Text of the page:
INTRODUCTION The following comments are respectfully submitted by Forgotten People, an unincorporated association of Dine’ (Navajo) people living in the western agency of the Navajo Nation. Forgotten People supports this Study and The General Comment for health enshrined as a human right issued on 27 November 2002 in Geneva which states, “The human right to water entitles everyone to sufficient, affordable, physically accessible, safe and acceptable water for personal and domestic uses.” It requires them to adopt national strategies and plans of action which will allow them to “move expeditiously and effectively towards the full realization of the right to water.” In the comments that follow, you will read of Dine’ people denied access to water due to uranium contamination throughout the Navajo Nation including Grey Mountain, Tuba City, Moenkopi and the New Lands. Currently, the Dine’ are threatened by new uranium mining despite a ban issued in 2005 and adverse effects as a result of over 1,100 unreclaimed uranium sites throughout the Navajo Nation. You will read of Dine’ living in and around Peabody Coal Company mining operations denied access to safe drinking water due to destruction, degradation and diminution of their water sources. Since the 1960s; Peabody has pumped billions of gallons of groundwater out of the N-Aquifer in order to propel pulverized coal through a pipeline to a power plant 270 miles away in Nevada. The Dine’ live on lands the U.S. Department of Energy calls a “National Sacrifice Area” in a region at the heart of the global warming issue. Black Mesa is a microcosm of the global problem. The energy is produced on their lands using their resources, yet they receive no benefits from this activity. They suffer the local costs of this production, such as environmental damage and interference with sovereignty. In addition, their traditional lifestyle hangs at the edge of survival in an arid climate, and scientists predict that global warming will cause a permanent drought and dust bowl in the American Southwest, making this life impossible. Most of the personal stories you will read are told by Dine’ that do not read, write or speak English, live a traditional subsistence lifestyle without electricity and running water. They are sheep herders suffering denial of access to water and sanitation since 1973 when the U.S. government capped off, fenced off, dismantled and bulldozed all the water wells throughout the Joint Use Area (JUA), Hopi Partition Land (HPL), Big Mountain to encourage compliance with a relocation program instituted in settlement of a NavajoHopi Land Dispute that resulted in the relocation of over 15,000 traditional Dine’. They are Dine’ living in a Bennett Freeze imposed in 1966 affecting approximately 1,500,000 acres that are the home of thousands of Dine’ people denying them electricity, running water, adequate sewage disposal, and responsible for overcrowding in small dwellings unfit for habitation.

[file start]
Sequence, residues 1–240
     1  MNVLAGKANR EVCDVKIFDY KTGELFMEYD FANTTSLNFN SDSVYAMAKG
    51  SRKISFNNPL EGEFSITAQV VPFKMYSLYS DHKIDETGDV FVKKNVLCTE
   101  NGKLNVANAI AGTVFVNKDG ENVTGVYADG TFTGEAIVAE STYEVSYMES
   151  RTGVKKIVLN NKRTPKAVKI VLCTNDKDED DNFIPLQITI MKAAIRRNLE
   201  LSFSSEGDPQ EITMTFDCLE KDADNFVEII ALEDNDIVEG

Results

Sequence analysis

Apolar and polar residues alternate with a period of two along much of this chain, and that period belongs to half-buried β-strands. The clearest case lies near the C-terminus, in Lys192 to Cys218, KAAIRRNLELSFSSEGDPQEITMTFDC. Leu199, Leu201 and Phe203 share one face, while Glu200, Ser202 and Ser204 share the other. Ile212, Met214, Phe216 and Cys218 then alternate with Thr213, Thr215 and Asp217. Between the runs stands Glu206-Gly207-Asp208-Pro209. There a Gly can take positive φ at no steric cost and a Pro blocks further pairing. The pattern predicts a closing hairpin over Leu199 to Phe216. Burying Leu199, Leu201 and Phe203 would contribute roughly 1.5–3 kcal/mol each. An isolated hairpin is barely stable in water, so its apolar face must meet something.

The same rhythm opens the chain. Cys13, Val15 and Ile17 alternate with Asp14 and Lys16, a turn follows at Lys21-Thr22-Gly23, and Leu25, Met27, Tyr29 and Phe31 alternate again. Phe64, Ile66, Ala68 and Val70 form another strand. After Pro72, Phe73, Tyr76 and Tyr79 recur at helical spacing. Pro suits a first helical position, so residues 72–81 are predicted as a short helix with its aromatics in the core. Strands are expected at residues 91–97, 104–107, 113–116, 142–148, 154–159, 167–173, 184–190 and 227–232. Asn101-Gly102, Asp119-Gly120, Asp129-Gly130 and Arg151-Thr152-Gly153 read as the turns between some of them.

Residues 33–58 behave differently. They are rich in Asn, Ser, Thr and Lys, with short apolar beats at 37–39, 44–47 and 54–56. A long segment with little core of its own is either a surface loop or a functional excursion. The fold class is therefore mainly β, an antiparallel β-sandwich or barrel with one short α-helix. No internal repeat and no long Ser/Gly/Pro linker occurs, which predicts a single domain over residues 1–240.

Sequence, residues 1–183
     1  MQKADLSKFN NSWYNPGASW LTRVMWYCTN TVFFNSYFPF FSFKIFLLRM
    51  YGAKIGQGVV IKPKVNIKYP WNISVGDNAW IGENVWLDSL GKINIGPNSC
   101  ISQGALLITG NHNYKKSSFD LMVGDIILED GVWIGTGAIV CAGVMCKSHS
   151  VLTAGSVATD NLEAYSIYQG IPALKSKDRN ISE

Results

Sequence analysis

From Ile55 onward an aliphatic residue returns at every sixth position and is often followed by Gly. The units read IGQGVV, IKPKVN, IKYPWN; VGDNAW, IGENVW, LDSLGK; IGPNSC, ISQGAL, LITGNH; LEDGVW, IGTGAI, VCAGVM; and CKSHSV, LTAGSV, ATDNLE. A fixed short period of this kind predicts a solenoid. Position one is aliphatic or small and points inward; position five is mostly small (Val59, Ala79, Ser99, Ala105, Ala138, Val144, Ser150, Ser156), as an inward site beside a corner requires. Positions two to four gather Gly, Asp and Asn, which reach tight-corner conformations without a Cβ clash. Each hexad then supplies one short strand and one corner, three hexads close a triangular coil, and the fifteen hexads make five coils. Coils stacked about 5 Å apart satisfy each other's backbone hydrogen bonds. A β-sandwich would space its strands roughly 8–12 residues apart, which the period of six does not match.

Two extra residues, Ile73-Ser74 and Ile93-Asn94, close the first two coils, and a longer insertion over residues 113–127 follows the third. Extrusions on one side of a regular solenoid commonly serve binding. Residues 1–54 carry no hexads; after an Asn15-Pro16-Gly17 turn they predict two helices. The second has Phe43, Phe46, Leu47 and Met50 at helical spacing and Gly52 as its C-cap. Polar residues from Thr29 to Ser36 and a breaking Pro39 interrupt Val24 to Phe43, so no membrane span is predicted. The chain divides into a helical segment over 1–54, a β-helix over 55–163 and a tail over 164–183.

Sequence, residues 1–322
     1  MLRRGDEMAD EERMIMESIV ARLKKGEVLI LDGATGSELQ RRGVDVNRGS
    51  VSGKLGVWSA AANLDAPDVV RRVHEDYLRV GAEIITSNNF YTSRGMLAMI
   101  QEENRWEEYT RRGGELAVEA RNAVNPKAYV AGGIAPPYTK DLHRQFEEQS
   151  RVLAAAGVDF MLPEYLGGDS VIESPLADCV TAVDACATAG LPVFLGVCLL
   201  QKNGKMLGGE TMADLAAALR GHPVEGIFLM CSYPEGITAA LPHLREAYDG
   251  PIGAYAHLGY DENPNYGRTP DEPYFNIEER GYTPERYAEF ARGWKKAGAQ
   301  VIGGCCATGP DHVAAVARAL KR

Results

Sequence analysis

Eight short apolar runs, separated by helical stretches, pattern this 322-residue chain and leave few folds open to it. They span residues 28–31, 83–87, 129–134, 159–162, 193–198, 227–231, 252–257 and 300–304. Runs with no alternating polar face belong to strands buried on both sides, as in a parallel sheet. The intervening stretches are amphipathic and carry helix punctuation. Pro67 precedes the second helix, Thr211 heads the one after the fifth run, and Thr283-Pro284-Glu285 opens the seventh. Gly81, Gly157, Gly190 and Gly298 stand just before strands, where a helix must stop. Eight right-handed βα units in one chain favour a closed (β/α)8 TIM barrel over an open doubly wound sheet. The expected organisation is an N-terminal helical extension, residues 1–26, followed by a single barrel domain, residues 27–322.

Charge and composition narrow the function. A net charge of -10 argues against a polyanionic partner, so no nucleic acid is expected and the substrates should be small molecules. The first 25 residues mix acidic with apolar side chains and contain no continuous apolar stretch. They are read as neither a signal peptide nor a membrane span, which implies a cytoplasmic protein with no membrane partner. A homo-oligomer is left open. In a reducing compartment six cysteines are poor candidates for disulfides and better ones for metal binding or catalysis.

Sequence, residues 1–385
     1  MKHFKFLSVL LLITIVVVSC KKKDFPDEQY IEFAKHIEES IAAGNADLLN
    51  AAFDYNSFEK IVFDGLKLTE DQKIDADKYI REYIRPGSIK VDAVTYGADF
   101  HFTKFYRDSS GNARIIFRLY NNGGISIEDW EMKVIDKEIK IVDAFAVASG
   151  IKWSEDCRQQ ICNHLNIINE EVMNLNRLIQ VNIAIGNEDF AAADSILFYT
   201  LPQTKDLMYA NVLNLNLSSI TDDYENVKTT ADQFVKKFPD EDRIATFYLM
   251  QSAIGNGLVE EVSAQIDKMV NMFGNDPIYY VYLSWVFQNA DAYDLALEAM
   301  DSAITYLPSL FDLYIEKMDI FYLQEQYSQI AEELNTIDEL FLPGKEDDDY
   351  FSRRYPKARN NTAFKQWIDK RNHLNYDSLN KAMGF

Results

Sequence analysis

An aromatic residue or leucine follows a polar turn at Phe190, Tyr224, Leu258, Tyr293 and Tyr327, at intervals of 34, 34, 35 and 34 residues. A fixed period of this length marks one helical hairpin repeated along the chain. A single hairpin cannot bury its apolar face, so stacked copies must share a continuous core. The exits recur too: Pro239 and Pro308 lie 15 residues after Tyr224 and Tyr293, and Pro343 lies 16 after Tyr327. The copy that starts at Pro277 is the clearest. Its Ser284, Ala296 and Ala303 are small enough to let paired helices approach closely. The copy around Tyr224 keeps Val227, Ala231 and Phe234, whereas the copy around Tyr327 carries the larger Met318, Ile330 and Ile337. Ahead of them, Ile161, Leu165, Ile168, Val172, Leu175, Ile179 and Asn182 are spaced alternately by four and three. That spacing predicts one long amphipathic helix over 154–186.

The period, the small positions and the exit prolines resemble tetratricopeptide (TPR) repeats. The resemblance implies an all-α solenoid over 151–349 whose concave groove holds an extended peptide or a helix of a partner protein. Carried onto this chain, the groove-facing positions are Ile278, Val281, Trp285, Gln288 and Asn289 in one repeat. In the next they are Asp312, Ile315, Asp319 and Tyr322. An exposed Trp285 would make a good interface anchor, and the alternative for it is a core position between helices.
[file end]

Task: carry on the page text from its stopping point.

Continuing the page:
Please consider what you read with your mind and your heart. We pray you will support the Dine’ people’s right to safe drinking water and sanitation, hold participatory forums on this issue and invite Norris Nez, Hathalie Medicine Man to offer a prayer for water, accompanied by a Dine’ delegation. For the Dine’ people believe water is life. Access to water is a fundamental human need and therefore a basic human right Kofi Annan, United Nations Secretary General WATER IS SACRED: Norris Nez, Hathalie Medicine Man gave testimony in the San Francisco Peaks case, where the Ninth Circuit Court of Appeals recently ruled in favor of Navajo Nation claims. See Hualapai Tribe v. United States Forest Service, No. 06-15455 (9 th Cir., March 12, 2007). Norris Nez: Water is sacred to everybody. It is used at schools and hospitals and in Medicine Man way. Water is used in ceremonies but not all water can be used. We can only use pure water from mountains and groundwater gathered from sacred springs. We cannot use contaminated water. Water is used for a sponge bath after 4 days of a Blessing way ceremony then given back. Water is used to bathe warriors before they go to war. It is used to wash all the bad things from warriors returning from foreign wars. It is used to wash medicine bundles prayers are carried in. It is used in Enemy Way ceremonies when water is put in a drum. Water is given to crops to grow. It is the way we harvest food. Water is most precious to all individuals in the world. We are the children of Mother Earth and Father Sky. We are kids amongst them. Father Sky gives us rain but when we have an argument over water and mis-use it, Father Sky does not give us water. Mis-use results from waste of water to slurry coal and contamination of our aquifers from uranium mining. We make sacraments to water and rivers for the rain to come. Water is used in all religions. Churches give out water as a sacrament. All over Indian country, religious practices use water. This is our sacred resource. Water under the Navajo reservation should not be pumped out. The C-Aquifer under Leupp must not go to corporations who want our only water resource. Now and in the future, water is a precious commodity that will save peoples lives but our great aquifer underground is being depleted. Mis-use of water is responsible for global warming, changing weather patterns, and drought. It affects our cornfields so corn will not grow. It affects animals, birds that fly, insects, everything that lives on this earth.